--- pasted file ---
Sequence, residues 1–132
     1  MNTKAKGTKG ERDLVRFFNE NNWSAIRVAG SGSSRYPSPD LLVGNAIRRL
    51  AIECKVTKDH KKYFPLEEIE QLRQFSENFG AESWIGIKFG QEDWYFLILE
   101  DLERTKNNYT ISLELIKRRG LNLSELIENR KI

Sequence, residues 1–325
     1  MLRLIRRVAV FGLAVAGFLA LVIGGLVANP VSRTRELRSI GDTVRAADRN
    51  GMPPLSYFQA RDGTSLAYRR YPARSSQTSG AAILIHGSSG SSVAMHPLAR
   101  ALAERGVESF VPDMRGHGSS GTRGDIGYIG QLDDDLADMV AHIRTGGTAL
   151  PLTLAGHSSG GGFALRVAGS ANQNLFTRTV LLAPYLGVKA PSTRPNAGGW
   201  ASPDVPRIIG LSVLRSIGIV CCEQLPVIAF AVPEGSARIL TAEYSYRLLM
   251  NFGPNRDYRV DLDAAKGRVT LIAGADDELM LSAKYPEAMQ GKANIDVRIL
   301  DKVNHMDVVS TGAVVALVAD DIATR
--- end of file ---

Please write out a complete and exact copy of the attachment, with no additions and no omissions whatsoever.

Sequence, residues 1–132
     1  MNTKAKGTKG ERDLVRFFNE NNWSAIRVAG SGSSRYPSPD LLVGNAIRRL
    51  AIECKVTKDH KKYFPLEEIE QLRQFSENFG AESWIGIKFG QEDWYFLILE
   101  DLERTKNNYT ISLELIKRRG LNLSELIENR KI

Sequence, residues 1–325
     1  MLRLIRRVAV FGLAVAGFLA LVIGGLVANP VSRTRELRSI GDTVRAADRN
    51  GMPPLSYFQA RDGTSLAYRR YPARSSQTSG AAILIHGSSG SSVAMHPLAR
   101  ALAERGVESF VPDMRGHGSS GTRGDIGYIG QLDDDLADMV AHIRTGGTAL
   151  PLTLAGHSSG GGFALRVAGS ANQNLFTRTV LLAPYLGVKA PSTRPNAGGW
   201  ASPDVPRIIG LSVLRSIGIV CCEQLPVIAF AVPEGSARIL TAEYSYRLLM
   251  NFGPNRDYRV DLDAAKGRVT LIAGADDELM LSAKYPEAMQ GKANIDVRIL
   301  DKVNHMDVVS TGAVVALVAD DIATR